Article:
Opsec and #blacklivesmatter: How Trump Is Motivating Activists to Learn and Practice Digital Security

Linked by Paul Ciano

Cory Doctorow:

Networks are an important organizing tool, but they’re also a COINTELPRO dream: all the surveillance targets, neatly arrayed on a social graph, with their information cascades on display, pointing big arrows at the most effective activists, whose communications and movements are laid bare by the technologies they trust to help them reach and mobilize their comrades.

The question can’t be, “How do we organize without technology?” Because the answer is, “You can’t.” The answer has to be, “How do we adapt technology so that the liberty-enhancing parts are intact, while the liberty-removing parts are excised? Leaving technology behind won’t stop the state from using technology to track you — it just stops you from getting the benefits of networks for organizing and mobilizing.

How Purism avoids Vault 7 leaked threats “Dark Matter”

Linked by Paul Ciano

Todd Weaver, Purism:

What these threats continue to showcase is that EFI/UEFI is an ideal low-level backdoor to control a user’s device without their knowledge, and the leaked documents shows how widespread these threats are against any user running a EFI/UEFI BIOS.

Purism is working hard to make its products immune against these threats by designing its devices to be able to run coreboot instead EFI/UEFI. Purism also utilizes PureOS (a GNU/Linux based distribution that does not contain any mystery binaries), so the entire source code stack can be audited.

Continue reading How Purism avoids Vault 7 leaked threats “Dark Matter”

Hanover Police Department Obtains FAA Authorization to Fly Surveillance Drone

Linked by Paul Ciano

Kade Crockford, Privacy SOS:

The small town of Hanover, Massachusetts, population ~13,000, has become the first in the state to obtain a license from the FAA to fly a drone. According to media reports, the police and fire department plan to use it.

I’m curious to learn why the Hanover police department wants a drone, and how it plans to deploy it. Do the cops have a privacy policy describing what will happen to data produced by the drone? Will they get warrants before using it?

Cybersecurity for the People: How to Protect Your Privacy at a Protest

Linked by Paul Ciano

Micah Lee, Lauren Feeney:

Planning on going to a protest? You might not be aware that just by showing up, you can open yourself up to certain privacy risks — police often spy on protesters, and the smartphones they carry, and no matter how peaceful the demonstration, there’s always a chance that you could get detained or arrested, and your devices could get searched. Watch this video for tips on how to prepare your phone before you go to a protest, how to safely communicate with your friends and document the event, and what to do if you get detained or arrested.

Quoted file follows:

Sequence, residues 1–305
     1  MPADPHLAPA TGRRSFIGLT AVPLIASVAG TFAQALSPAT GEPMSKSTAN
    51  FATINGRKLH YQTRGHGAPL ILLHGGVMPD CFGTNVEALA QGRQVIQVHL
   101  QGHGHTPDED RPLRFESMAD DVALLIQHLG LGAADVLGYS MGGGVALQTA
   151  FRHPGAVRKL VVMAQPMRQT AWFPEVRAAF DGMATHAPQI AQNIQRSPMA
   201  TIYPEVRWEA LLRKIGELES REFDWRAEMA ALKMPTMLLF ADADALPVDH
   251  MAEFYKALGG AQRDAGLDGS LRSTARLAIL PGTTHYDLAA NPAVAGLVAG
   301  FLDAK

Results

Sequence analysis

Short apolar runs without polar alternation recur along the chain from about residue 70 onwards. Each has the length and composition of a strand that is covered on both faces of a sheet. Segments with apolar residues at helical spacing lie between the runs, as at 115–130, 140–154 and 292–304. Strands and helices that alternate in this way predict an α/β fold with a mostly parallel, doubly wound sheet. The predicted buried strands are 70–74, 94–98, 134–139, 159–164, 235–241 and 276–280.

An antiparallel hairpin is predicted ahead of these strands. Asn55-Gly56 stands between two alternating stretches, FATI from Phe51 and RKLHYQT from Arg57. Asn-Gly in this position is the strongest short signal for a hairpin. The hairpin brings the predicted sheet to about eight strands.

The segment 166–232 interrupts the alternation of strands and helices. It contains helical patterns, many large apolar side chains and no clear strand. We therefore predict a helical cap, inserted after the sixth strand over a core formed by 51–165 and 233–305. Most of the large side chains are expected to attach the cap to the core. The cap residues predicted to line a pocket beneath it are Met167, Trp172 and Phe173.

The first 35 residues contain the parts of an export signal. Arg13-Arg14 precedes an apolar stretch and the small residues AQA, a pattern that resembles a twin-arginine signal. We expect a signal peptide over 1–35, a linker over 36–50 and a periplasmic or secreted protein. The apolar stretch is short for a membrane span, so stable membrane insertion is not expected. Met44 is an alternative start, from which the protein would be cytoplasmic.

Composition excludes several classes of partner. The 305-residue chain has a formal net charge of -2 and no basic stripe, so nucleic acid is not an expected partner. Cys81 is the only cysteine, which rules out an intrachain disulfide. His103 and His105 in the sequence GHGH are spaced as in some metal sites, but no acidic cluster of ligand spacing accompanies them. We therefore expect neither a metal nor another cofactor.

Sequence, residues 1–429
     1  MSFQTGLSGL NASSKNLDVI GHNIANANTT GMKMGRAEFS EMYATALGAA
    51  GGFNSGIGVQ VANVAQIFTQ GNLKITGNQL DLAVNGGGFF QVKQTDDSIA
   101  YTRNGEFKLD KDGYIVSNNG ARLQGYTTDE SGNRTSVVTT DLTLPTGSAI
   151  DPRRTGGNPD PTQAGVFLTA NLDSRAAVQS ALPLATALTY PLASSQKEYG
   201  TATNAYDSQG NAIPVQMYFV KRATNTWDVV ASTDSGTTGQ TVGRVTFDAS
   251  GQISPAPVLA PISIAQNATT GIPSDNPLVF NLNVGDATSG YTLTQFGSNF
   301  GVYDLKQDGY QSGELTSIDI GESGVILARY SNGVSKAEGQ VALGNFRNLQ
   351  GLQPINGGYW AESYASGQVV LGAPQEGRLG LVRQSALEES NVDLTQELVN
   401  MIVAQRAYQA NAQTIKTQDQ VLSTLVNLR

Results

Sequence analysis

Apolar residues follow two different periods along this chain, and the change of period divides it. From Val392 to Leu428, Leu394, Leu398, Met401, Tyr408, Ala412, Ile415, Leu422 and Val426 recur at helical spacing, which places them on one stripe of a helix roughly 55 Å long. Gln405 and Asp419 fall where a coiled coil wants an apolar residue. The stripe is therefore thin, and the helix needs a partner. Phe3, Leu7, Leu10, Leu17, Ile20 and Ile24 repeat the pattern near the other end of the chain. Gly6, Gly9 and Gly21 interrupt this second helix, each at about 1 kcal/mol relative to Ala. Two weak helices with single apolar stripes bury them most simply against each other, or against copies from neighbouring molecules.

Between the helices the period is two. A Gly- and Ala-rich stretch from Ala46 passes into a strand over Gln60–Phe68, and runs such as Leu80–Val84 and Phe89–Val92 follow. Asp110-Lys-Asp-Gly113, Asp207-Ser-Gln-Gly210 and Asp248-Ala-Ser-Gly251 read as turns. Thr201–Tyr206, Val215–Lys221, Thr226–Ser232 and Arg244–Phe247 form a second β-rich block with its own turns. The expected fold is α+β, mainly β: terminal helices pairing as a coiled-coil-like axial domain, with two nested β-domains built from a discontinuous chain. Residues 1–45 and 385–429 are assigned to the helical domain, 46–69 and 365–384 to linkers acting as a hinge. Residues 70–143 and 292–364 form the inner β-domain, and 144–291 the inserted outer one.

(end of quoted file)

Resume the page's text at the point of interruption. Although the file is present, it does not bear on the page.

1Blocker Adds Easy Page Element Hiding

Linked by Paul Ciano

John Voorhees, MacStories:

On iOS, 1Blocker made Federico’s list of ‘Must Have’ apps for 2015 in part because he could create custom rules with CSS overrides to hide individual elements on a webpage. That’s a powerful feature, but the developer of 1Blocker found that too many people didn’t want to be bothered inspecting webpages on a Mac and typing in a blocking rule manually. Other users simply weren’t comfortable with using Safari’s inspector.

1Blocker 1.3 for iOS solves this problem with an extension. From a webpage, all you have to do is tap the share button, pick the 1Blocker action extension, and then ‘Hide Page Element.’ 1Blocker reloads the page in the extension with toolbars on the top and bottom of the screen. Find something you want to hide and tap it. The element is outlined with a red dashed line and glows to indicate what you selected. Tapping the ‘Save’ button gives you a chance to hide another element or return to Safari.

Continue reading 1Blocker Adds Easy Page Element Hiding

Serious Privacy Risks Lie in the Path of Vehicle Automation

Linked by Paul Ciano


The National Highway Traffic Safety Administration (NHTSA) has proposed a new standard – a Federal Motor Vehicle Safety Standard (FMVSS) – that details the messaging formats for communications between vehicles for future vehicle automation. While we raise concerns here, make no mistake: increased automation of land vehicles like cars and trucks holds great promise, from drastically reducing injuries and deaths in accidents to streamlining traffic in order to route vehicles in the most efficient ways possible. To do this, our vehicles will be increasingly talking to each other and to other infrastructure on the road such as traffic signals, signage, and lane boundaries in order to keep us safe. At the same time, in the race towards promising applications, we need to be careful that we don’t introduce features that may reduce the trust and freedom we have in our vehicles.